I don't propose to use this blog entry as a bully pulpit for bashing the intolerant religious...Rather, I'd just like to note that the past decade or so seems to have been marked by a worldwide upwelling of bigotry and intolerance. And it's not only the extremist fringes of every religious creed that are to blame here, although they're part of the picture (and no religion seems to be free of turbulent loons around the edges). We have extremist, eliminationist rhetoric in American political discourse, combined with a hair-raising outbreak of ethnophobia directed at muslims. We have France and Italy deporting Roma (illegally; they're EU citizens and have an absolute right of residence), in a move fuelled by a wave of xenophobia that bears unpleasant echoes of 1940-45. A wave of petty authoritarianism in the UK has led to the installation of all the well-oiled machinery of a police state — now in disarray due to an epochal political upset, but deeply alarming to anyone concerned for civil liberties in the past decade. Australia had its great firewall debate. Russia's government is increasingly authoritarian, harking back to the Soviet era in methods and goals (now with less revolutionary ideology).Stross continues,
The term Future Shock was coined by Alvin and Heidi Toffler in the 1960s to describe a syndrome brought about by the experience of "too much change in too short a period of time". Per Wikipedia (my copy of Future Shock is buried in a heap of books in the room next door) "Toffler argues that society is undergoing an enormous structural change, a revolution from an industrial society to a 'super-industrial society'. This change will overwhelm people, the accelerated rate of technological and social change leaving them disconnected and suffering from 'shattering stress and disorientation' — future shocked. Toffler stated that the majority of social problems were symptoms of the future shock. In his discussion of the components of such shock, he also popularized the term information overload."I kinda half agree with Stross. There's a lot of truth to what he's saying. What he needs to be more specific about, however, is how different groups are reacting to future shock in different ways, and how that in turns sets off ancillary social stresses; not everyone is reacting to future shock per se.
It's about forty years since "Future Shock" was published, and it seems to have withstood the test of time. More to the point, the Tofflers' predictions for how the symptoms would be manifest appear to be roughly on target. They predicted a growth of cults and religious fundamentalism; rejection of modernism: irrational authoritarianism: and widespread insecurity. They didn't nail the other great source of insecurity today, the hollowing-out of state infrastructure and externally imposed asset-stripping in the name of economic orthodoxy that Naomi Klein highlighted in The Shock Doctrine, but to the extent that Friedmanite disaster capitalism can be seen as a predatory corporate response to massive political and economic change, I'm inclined to put disaster capitalism down as being another facet of the same problem. (And it looks as if the UK and USA are finally on the receiving end of disaster capitalism at home, in the post-2008 banking crisis era.)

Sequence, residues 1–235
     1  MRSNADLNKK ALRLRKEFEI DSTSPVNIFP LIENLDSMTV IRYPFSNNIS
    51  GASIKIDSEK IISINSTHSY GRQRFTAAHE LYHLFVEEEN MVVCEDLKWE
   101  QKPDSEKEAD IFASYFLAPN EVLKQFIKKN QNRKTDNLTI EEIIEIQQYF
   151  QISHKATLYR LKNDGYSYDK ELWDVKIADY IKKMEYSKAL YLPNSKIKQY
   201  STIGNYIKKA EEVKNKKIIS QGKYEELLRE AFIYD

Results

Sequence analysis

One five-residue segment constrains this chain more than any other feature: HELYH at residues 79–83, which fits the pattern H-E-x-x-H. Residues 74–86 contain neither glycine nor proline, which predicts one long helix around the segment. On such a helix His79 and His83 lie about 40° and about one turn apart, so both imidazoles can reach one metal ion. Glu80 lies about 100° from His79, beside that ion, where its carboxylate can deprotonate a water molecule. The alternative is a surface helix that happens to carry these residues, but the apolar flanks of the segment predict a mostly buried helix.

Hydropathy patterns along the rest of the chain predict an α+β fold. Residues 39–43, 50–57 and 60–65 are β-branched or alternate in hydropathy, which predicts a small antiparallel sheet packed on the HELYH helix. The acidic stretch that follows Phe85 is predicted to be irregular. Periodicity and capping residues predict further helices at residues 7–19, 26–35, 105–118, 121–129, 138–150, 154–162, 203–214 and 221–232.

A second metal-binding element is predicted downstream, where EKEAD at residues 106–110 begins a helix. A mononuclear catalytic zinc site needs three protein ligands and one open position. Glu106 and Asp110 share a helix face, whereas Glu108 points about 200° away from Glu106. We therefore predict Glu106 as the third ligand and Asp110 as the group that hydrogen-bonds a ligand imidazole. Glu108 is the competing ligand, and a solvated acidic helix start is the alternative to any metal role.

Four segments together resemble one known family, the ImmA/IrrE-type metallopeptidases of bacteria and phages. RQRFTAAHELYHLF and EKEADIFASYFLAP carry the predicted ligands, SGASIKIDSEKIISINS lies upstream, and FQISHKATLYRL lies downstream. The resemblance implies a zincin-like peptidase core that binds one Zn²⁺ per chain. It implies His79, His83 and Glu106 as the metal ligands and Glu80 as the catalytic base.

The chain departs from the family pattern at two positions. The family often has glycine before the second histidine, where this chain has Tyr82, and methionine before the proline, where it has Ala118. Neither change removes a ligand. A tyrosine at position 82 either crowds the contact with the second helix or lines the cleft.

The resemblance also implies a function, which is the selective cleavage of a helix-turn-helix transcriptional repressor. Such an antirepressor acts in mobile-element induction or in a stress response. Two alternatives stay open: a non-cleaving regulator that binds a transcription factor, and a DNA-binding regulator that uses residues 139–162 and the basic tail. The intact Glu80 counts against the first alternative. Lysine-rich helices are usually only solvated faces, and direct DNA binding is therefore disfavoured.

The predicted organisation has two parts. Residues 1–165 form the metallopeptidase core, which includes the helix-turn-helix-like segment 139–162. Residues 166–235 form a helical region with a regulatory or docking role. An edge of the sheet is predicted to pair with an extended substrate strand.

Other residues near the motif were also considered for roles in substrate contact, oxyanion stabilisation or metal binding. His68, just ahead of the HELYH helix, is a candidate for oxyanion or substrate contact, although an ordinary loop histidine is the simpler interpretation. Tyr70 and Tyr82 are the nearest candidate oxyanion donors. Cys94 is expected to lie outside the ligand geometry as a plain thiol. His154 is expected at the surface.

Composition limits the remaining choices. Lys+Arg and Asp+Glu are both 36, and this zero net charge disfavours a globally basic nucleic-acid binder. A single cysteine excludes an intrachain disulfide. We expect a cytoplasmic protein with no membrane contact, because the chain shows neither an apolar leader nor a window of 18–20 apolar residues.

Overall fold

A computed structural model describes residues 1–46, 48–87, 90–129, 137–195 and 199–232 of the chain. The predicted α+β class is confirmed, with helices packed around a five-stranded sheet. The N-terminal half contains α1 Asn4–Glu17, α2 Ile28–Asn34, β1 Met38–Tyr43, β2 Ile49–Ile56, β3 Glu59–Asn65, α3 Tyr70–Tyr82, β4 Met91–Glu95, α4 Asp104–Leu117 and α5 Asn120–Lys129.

My working hypothesis to explain the 21st century is that the Tofflers underestimated how pervasive future shock would be. I think somewhere in the range from 15-30% of our fellow hairless primates are currently in the grip of future shock, to some degree. Symptoms include despair, anxiety, depression, disorientation, paranoia, and a desperate search for certainty in lives that are experiencing unpleasant and uninvited change. It's no surprise that anyone who can offer dogmatic absolute answers is popular, or that the paranoid style is again ascendant in American politics, or that religious certainty is more attractive to many than the nuanced complexities of scientific debate. Climate change is an exceptionally potent trigger for future shock insofar as it promises an unpleasant and unpredictable dose of upcoming instability in the years ahead; denial is an emotionally satisfying response to the threat, if not a sustainable one in the longer term.
For example, Islamic fundamentalists are clearly being set-off by future shock (what others might call cultural globalization, or Westernification, or imperialism, or whatever). The reaction to their reaction, particularly by Americans, is not directly caused by future shock. Instead, it's a kind of backlash to those who are future shocked, leading to a rise in populism and an insidious quasi-fascism. But any way you look at it, there's definitely turmoil in the world, and much of it caused by the rapid rate of technological development and spread—and the sociological changes it brings.